Listening Through Closed Doors

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I’m sure many of your parents, like mine, told you that no good comes of listening to conversations not meant for your ears. But when you’re a bored teenager sometimes listening to an adult conversation can be quite revealing. How else were we to learn about life?

On one occasion my parents’ saying proved to be wrong and what I heard became a turning point in my life. The conversation unfolded between my father and a woman who often visited us, the very woman written about yesterday with the silver grey hair and the pink volkswagen car.

Said woman disapproved of the freedom I was given since I had started competitive swimming. She’d apparently seen me biking home from training with some boys.

‘You give that girl too much freedom,’ she said. ‘She’ll end up getting herself into trouble.’

Now I was at an age where girls getting into trouble meant only one thing, they found themselves pregnant. I was about to burst through the door in protest, but my father’s reply stopped me. His answer was simple.

‘We trust her,’ he said.

They were such powerful words and even though he never said as much to me personally he didn’t need to. His trust always came to mind when I found myself getting involved in teenage shenanigans.

So, conversations listened on through closed doors are not always a bad thing.

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Remembering the Last Tram in New Zealand

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I originally published this piece on Suite101 in December 2009. I’ve long since stopped contributing to that site and when I tried to access this post today I found it difficult to retrieve. Consequently I’m reposting it here. Trams once provided transport throughout the world. Very few remain in public use.

On 2 May 1964, a large crowd gathered in Wellington, New Zealand, to witness the last public transport journey of an electric tram in New Zealand.

By 1964 trams had been phased out in all New Zealand cities but Wellington. It was fitting that Wellington should have been the location of New Zealand’s last electric tram, as the city had been the first in the southern hemisphere to introduce a steam tram service in 1878. These were replaced with electric trams in 1904. After 60 years of serving the capital city, the time arrived for the final tram’s last run. People were sad to see the trams go and lined the Wellington streets to farewell a familiar friend.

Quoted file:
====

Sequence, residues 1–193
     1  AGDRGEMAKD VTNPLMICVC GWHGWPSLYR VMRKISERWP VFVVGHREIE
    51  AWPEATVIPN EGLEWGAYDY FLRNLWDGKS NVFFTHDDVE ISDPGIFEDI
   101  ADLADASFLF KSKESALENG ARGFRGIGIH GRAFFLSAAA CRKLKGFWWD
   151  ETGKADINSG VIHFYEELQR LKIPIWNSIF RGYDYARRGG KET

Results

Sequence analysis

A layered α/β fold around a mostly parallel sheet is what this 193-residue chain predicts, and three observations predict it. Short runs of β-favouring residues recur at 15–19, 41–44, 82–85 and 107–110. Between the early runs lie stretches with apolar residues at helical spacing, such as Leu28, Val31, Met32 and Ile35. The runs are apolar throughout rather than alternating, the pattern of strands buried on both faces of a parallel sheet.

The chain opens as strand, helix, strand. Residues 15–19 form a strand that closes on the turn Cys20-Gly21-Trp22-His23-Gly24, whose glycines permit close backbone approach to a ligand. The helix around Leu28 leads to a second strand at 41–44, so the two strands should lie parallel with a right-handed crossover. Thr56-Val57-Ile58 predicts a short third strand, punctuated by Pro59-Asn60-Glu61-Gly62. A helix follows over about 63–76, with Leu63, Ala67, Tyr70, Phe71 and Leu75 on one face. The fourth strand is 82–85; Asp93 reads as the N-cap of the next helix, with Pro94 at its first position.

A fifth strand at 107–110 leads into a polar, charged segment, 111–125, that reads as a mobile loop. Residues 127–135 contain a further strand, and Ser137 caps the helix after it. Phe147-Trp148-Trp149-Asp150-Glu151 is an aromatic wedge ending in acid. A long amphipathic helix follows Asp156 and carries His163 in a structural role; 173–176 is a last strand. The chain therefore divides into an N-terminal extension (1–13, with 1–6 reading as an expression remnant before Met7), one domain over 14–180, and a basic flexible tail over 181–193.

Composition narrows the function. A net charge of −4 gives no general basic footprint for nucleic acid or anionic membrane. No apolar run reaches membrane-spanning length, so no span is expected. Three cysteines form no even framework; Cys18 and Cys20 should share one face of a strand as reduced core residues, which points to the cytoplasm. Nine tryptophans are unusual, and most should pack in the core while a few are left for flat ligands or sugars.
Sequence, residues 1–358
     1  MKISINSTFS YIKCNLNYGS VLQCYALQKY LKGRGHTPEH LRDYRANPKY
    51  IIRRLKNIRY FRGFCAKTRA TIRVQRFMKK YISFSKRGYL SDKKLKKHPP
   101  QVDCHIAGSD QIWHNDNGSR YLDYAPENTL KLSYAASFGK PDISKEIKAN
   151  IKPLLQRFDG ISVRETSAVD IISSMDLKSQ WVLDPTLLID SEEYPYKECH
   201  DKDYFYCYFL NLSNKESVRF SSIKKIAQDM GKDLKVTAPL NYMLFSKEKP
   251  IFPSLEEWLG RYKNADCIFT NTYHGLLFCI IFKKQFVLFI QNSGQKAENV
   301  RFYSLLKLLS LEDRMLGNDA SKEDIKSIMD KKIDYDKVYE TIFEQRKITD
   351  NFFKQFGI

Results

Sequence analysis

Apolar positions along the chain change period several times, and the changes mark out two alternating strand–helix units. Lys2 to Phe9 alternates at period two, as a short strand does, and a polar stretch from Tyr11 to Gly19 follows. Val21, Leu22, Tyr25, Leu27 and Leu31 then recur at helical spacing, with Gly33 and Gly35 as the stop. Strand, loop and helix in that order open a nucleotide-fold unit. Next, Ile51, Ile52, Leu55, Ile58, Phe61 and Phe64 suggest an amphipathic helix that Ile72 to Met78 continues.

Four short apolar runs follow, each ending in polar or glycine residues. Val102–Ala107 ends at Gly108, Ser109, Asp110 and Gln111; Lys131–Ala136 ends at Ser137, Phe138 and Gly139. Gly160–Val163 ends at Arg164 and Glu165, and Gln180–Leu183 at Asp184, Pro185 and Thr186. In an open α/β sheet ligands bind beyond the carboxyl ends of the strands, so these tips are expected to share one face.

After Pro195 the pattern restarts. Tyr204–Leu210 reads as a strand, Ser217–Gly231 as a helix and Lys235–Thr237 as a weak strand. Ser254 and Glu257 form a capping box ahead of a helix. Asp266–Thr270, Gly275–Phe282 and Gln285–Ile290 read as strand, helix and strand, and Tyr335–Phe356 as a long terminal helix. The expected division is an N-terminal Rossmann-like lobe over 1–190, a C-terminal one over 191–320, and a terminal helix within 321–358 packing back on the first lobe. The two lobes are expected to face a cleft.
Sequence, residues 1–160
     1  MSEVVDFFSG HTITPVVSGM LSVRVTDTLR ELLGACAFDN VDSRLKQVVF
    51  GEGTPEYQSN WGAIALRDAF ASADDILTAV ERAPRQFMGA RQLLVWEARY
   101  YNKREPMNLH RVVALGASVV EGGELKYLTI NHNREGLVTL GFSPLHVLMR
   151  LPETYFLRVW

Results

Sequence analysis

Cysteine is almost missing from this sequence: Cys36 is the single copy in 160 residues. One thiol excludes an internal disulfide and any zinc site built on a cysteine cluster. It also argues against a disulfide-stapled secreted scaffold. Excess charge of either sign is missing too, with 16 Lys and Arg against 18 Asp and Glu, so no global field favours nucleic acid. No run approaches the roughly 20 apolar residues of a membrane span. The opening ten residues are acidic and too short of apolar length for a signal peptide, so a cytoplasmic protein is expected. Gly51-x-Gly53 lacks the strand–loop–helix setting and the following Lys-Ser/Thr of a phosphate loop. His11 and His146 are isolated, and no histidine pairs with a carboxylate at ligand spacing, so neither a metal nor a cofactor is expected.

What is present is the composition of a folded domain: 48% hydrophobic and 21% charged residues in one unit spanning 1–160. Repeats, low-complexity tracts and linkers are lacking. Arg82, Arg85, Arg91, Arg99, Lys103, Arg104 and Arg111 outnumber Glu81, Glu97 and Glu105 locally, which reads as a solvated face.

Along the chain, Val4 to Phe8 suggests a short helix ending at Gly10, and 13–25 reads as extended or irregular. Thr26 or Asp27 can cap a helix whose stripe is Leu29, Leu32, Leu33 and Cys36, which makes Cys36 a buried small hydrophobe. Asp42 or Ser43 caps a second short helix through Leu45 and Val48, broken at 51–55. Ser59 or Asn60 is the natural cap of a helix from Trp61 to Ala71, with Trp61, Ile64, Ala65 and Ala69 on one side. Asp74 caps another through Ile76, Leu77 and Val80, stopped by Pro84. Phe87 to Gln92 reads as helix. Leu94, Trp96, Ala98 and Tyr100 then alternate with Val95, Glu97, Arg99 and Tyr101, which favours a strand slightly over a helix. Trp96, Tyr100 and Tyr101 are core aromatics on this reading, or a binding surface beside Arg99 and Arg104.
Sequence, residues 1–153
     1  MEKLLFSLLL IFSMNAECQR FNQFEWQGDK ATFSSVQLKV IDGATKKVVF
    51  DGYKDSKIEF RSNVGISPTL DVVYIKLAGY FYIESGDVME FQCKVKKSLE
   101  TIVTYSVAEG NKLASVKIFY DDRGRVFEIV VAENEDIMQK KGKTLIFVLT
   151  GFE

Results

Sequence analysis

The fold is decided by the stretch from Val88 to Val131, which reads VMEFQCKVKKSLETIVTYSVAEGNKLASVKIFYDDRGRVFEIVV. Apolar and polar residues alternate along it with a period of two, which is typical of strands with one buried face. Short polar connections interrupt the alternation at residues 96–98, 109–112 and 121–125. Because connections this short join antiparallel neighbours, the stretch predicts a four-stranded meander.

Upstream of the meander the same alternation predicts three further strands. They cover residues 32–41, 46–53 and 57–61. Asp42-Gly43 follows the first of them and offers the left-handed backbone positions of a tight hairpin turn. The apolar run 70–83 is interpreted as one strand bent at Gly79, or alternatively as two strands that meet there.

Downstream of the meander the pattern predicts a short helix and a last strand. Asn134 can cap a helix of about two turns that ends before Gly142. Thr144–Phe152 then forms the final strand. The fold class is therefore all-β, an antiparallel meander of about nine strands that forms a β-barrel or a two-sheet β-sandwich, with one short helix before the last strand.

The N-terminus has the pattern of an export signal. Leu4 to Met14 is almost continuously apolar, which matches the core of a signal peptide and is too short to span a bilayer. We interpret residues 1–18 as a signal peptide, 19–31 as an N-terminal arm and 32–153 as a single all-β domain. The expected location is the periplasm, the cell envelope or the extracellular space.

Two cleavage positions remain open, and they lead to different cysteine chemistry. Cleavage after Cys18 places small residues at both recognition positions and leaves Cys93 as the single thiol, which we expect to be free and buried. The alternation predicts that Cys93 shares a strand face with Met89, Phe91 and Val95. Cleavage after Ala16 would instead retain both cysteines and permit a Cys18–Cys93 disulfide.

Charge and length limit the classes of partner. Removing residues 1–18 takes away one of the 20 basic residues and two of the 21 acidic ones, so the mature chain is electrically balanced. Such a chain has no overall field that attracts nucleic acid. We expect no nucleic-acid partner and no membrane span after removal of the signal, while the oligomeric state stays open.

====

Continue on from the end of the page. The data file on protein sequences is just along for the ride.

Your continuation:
The Last Tram

It was a festive occasion. Two other trams Nos 250 and 251, led the procession. Decorated in red, white and blue they made their farewell journey through the city streets. People clambered on board, eager to be part of the historic day by taking their last ride. Others were content to watch.

The last trip traveled from Parliament Buildings, near the Railway Station, to the Newtown Tram Shed. In the minutes before departure, the assembled crowds listened to the Onslow Silver Band play ‘Auld Lang Syne’. Tram 252, decorated with black and gold, Wellington’s colors, had a sign above the driver’s window, reading ‘NZ’s Last Tram, End of the Line’. Flags fluttered at the front and from the roof of the tram.

With Wellington’s Mayor, Frank Kitts, in the drivers seat, the bell clanged for the last time, the conductor yelled ‘Fares please’ and away the tram trundled on its final journey.

The Reason for The Service Being Discontinued

When electric trams first started servicing the country, cars were almost unheard of on the roads. As more and more people started owning cars, city traffic became busier. The slow trams became a hazard in the narrow streets as car drivers became impatient to get places more quickly. Buses were considered safer and easier to manoeuvre, and were gradually introduced in readiness for the closing of the tram service.

Final Destination of Wellington Trams

Some of the old Wellington trams now live at the Wellington Tramway Museum, Queen Elizabeth Park, Paekakariki, a short drive north of Wellington. There, people are still able to take nostalgic rides.

Tram No 252, the last tram to run through New Zealand streets, sits in storage at Motat, Museum of Transport and Technology, in Auckland, where it awaits major restoration.

Trams served their communities faithfully for many years in New Zealand, until they were discontinued because of progress. In Christchurch restored trams now offer rides through the city centre.